Baseball players spend a lot of time on the field, whether for practice or tournament. As their bodies continue to experience stress and tension, they might suffer from possible injuries that would affect their performance in the game.
Here are some of the injuries that most players experience in their baseball career:
This is more commonly known as medial epicondylitis, pitcher’s elbow or golfer’s elbow. It occurs when the tendons receive chronic damage because of repetitive motions. Players with this condition suffer from swelling and pain inside the forearm and elbow.
Elbow inflammation limits the range of motion of the arm and makes it difficult for the player to throw a ball or execute any other aggressive movements. To reduce pain and inflammation, players must rest the affected area and use the appropriate medication. For severe cases, surgical procedures may be performed.
Hand and wrist injuries
Injuries in the hand and wrist are caused by collision with bats, pitched balls or other players. If not immediately taken care of, these may lead to bruises, sprains, dislocation, fractures or other conditions.
There are times when players get hit with a ball or collide with another player during the game. Some players slip and fall, hitting their heads on the ground, resulting in a concussion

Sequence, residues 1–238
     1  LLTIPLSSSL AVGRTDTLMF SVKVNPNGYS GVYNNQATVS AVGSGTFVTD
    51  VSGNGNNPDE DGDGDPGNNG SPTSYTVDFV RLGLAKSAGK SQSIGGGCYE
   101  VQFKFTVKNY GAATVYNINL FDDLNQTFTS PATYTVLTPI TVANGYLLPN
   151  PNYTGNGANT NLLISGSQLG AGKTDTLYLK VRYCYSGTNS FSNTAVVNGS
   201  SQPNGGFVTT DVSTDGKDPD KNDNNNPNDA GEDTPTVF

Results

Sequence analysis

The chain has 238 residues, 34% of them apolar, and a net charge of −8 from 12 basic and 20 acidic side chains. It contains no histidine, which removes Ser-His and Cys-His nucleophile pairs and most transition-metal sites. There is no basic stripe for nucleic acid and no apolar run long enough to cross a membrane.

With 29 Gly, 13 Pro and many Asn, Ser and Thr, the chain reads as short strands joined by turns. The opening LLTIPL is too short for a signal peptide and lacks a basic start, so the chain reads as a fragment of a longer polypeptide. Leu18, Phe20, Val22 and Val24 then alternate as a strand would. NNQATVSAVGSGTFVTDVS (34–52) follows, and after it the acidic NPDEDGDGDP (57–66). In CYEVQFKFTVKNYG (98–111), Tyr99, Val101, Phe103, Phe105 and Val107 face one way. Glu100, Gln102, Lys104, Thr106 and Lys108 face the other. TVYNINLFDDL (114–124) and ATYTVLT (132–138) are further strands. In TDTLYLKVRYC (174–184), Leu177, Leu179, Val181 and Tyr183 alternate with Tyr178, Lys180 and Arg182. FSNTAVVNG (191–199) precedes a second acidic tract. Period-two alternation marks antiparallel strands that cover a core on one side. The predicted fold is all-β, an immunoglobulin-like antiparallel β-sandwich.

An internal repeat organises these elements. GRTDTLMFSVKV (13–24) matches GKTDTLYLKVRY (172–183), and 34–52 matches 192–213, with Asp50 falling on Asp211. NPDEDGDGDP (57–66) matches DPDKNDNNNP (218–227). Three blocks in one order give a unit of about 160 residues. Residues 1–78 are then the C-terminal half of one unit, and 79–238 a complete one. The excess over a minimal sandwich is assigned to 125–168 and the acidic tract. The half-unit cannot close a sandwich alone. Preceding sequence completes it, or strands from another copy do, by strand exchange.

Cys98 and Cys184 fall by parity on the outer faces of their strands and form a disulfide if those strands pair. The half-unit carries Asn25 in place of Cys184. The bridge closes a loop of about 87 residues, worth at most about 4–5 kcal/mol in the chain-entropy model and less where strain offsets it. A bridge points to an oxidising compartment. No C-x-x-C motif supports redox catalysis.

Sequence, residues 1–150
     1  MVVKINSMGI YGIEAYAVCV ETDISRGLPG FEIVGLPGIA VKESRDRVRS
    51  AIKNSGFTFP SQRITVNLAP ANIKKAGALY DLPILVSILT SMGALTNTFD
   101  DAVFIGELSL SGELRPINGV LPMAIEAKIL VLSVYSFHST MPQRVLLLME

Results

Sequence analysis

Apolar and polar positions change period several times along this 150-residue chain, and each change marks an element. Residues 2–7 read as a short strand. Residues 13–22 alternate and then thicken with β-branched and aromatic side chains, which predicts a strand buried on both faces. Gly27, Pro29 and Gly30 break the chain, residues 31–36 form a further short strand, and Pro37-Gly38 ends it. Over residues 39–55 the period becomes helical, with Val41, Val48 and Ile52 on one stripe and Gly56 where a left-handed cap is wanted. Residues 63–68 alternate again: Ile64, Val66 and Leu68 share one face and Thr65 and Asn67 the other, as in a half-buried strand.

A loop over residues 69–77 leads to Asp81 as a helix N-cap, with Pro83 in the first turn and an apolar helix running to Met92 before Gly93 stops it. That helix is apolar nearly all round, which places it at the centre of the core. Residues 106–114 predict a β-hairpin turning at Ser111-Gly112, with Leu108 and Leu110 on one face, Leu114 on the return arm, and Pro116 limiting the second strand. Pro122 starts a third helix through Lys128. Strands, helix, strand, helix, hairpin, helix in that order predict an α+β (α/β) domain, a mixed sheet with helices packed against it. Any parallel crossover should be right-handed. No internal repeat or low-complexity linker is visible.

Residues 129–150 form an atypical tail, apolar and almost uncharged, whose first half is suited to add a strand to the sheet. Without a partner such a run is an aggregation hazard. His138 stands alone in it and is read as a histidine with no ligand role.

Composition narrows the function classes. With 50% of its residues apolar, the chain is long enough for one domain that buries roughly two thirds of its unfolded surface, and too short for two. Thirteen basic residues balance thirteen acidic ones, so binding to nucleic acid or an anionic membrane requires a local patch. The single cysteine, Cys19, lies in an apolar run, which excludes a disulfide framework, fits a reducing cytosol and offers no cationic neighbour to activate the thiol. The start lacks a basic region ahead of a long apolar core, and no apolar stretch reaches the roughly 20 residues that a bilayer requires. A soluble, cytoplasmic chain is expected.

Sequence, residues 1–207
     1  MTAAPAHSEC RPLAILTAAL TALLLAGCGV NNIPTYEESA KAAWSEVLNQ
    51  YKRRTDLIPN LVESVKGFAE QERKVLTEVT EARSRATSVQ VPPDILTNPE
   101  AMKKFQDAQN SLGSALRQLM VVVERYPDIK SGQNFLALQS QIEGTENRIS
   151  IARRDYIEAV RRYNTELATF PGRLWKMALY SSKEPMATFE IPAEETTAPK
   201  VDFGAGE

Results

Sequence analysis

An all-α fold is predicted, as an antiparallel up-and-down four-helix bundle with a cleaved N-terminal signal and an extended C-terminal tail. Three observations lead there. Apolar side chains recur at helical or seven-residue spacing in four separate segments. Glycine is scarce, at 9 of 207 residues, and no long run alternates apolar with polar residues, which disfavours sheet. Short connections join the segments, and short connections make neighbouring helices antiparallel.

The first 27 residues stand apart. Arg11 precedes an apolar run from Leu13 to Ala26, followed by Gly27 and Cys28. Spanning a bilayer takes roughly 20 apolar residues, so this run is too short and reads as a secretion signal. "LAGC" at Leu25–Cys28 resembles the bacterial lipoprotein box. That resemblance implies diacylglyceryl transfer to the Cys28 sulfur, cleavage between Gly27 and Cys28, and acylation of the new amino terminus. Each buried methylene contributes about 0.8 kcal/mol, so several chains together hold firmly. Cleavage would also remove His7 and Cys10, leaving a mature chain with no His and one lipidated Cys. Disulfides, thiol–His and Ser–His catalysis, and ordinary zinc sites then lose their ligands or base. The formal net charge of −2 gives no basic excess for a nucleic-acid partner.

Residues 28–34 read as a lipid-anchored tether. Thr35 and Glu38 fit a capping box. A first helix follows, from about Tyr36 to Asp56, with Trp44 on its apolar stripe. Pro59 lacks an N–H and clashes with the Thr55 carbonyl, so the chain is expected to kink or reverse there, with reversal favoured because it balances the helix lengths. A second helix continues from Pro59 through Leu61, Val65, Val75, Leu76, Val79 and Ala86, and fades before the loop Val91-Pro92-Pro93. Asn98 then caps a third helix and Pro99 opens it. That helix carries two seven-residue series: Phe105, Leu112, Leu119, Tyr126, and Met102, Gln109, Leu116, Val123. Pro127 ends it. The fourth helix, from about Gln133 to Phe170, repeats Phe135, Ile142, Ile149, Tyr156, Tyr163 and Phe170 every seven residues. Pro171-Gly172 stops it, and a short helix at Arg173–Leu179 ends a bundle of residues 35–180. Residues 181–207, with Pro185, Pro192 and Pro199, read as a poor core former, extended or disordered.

In numerous instances, symptoms of concussion only show several hours or days after the accident. Players would often feel confusion, disorientation, headaches, balance issues and dizziness.
They may also suffer from memory loss, sleep disturbances, nausea or difficulty concentrating. If a player experiences more than one of these symptoms, it may be an indication of a more serious problem.
Muscle strains occur when a tendon or muscle experiences too many tensions and overstretching, especially in areas such as the calves, abdominals, back, hamstrings and quadriceps.
If this happens, players are mostly advised to take a few days off to rest, undergo physical therapy and use anti-inflammatory medications. For severe cases, surgery may be needed.
Many runners and fielders experience ankle sprains when the ligaments in their ankles are torn or stretched too far. If a player suffers from mild ankle sprains, they may feel minimal swelling and pain in the affected area. This can be treated with rest and various stretching exercises.
For moderate sprains, there may be a decrease in their ankle’s range of motion, intense swelling and tenderness. They may also experience instability as they attempt to use the injured ankle. This may take up to six weeks or more to heal the damage.
In severe cases, the injured player may suffer from extreme pain due to the rupture of the ligament. They may not be able to completely hold their weight as they stand or walk. Aside from resting their ankle, they may need to undergo intensive stretching and strengthening exercises to regain their stability. Full recovery may take weeks.